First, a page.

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Google Military Contract Under Fire

Ross Kelly


USAF Predator Drone

Google employees are revolting against the company’s involvement with Project Maven, a US Department of Defence drone project. An open letter signed by hundreds of academics has been published supporting their decision. 

Academics from around the world have called on Google to stop working with the US Department of Defence as the company continues to use AI technology to analyse drone footage.

In an open letter signed by hundreds, academics have highlighted the worrying precedent that Google’s involvement sets. The letter was started by the International Committee for Robot Arms Control – an organisation founded by researchers concerned about the potential rise of autonomous weapon systems. Members of the non-governmental organisation include experts in the robotics and AI fields, as well as experts in law, ethics, security and international relations.

Concerning Trends

The open letter was written in support of Google employees currently revolting against the company’s cooperation with the Department of Defence and urges CEO Sundar Pichai, Diane Green, CEO of Google Cloud and Fei-Fei Li, Chief Scientist of AI and Machine Learning, to cease their involvement, stating: “We wholeheartedly support their (the employees) demand that Google terminate its contract with the DoD, and that Google and its parent company Alphabet commit not to develop military technologies and not to use the personal data that they collect for military purposes.” Furthermore, the letter calls on the company’s executives to support an international treaty banning the development of autonomous weapons system.

Last month, when Google employees turned against the company they also penned an open letter to Pichai demanding that he “cancel the project immediately” and insisted that he publish a statement confirming that “neither Google nor its contractors will ever build warfare technology.”

Project Maven

Project Maven is a United States Military program aimed at using machine learning to observe and analyse massive amounts of surveillance footage taken by unmanned aerial drones. Part of Google’s involvement in this project is to label objects of interest for human analysts, who in turn will examine the footage and establish its potential use in intelligence operations.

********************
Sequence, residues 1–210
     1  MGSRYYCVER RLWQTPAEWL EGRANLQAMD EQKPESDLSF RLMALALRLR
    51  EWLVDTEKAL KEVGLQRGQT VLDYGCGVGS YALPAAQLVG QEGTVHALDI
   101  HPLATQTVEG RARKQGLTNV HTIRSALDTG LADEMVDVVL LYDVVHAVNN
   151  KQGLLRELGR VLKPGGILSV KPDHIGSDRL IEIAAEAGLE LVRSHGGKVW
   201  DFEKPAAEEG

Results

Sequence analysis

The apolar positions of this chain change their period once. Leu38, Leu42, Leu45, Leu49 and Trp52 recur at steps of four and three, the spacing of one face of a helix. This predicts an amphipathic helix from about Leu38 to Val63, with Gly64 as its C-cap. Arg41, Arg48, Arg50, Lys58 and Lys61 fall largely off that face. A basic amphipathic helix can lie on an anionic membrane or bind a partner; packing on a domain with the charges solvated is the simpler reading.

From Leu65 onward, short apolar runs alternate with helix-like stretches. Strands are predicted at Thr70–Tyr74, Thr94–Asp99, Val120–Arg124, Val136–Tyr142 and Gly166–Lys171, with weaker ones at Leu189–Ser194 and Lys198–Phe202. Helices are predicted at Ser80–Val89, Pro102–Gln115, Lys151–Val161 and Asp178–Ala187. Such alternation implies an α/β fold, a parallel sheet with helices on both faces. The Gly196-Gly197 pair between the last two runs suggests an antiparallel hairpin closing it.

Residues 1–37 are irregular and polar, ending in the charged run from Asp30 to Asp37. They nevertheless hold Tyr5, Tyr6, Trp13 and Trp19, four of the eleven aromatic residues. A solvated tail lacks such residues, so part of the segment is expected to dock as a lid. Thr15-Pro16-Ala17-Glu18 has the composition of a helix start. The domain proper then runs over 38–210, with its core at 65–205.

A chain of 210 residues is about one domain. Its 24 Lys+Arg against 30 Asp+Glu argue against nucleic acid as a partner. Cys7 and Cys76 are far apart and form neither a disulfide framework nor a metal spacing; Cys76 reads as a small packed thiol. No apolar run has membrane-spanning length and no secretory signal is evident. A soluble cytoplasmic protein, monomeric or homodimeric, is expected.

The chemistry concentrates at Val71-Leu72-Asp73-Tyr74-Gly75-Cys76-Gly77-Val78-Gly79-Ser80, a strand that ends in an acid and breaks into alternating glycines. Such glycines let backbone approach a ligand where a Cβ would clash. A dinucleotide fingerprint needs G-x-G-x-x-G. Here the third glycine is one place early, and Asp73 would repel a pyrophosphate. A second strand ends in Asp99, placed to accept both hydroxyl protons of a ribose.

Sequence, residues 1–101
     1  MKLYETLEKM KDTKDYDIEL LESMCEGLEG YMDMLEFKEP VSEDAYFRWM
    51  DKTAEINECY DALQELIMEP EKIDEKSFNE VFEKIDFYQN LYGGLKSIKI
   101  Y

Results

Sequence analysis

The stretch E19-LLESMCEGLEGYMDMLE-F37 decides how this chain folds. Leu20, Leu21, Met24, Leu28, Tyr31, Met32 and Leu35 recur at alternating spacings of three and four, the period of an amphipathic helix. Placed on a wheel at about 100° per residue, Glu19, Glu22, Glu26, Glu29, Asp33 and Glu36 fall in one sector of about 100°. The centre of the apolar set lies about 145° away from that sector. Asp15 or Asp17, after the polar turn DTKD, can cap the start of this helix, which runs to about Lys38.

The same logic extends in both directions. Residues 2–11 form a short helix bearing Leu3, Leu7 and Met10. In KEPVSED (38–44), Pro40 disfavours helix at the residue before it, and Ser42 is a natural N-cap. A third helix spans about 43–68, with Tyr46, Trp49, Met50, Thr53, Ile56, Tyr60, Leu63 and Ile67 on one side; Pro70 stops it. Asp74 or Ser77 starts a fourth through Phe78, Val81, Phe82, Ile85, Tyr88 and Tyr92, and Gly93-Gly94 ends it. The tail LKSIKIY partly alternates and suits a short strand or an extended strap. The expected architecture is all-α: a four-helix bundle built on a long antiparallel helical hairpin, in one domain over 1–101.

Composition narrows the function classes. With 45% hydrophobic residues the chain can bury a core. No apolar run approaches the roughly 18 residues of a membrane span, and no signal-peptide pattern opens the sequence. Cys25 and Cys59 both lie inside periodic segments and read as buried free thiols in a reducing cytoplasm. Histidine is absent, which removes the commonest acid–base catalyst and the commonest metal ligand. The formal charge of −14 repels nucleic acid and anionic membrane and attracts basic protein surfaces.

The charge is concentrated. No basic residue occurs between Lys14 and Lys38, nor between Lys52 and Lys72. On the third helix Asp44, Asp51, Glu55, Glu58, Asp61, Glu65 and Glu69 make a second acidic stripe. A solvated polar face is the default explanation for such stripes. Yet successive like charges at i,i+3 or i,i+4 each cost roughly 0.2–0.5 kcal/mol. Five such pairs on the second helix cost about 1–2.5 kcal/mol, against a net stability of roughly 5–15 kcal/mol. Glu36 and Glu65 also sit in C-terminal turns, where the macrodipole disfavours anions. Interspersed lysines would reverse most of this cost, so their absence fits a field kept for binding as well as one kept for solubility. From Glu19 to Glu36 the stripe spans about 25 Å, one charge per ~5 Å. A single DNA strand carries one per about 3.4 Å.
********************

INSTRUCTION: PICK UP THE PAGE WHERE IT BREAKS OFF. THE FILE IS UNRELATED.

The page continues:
Google is supplying not only the open source deep learning technology to the Department of Defence, but also providing engineering expertise and assistance to the department as part of the project.

Employees say this involvement contradicts the fundamental principles of the company, stating that “the private data collected by Google comes with a responsibility not only to use that data to improve its own technologies and expand its business, but also to benefit society. The company’s motto ‘Don’t Be Evil’ famously embraces this responsibility.”

According to the letter, initial trials of the project have taken place in the Middle East that included using small ScanEagle surveillance drones. However, the project is expected to expand to deadlier, more sophisticated Predator and Reaper drones. The letter asserts that it is wholly unacceptable and Google’s involvement in operations such as these, which have drawn widespread criticism and have come into question under both US and international law is fundamentally wrong.

“With Project Maven, Google becomes implicated in the questionable practice of targeted killings. These include so-called signature strikes and pattern-of-life strikes that target people based on probabilities drawn from long range surveillance not on known activities.

The letter doesn’t just support the decision of Google employees to revolt against this contract, it also highlights the worrying potential for Google to share its user data with the military for surveillance purposes. It says: “We are also deeply concerned about the possible integration of Google’s data on people’s everyday lives with military surveillance data, and its combined application to targeted killing.”

“We are at a critical moment. The Cambridge Analytica scandal demonstrates growing public concern over allowing the tech industries to wield so much power.”

Ross Kelly

Staff Writer

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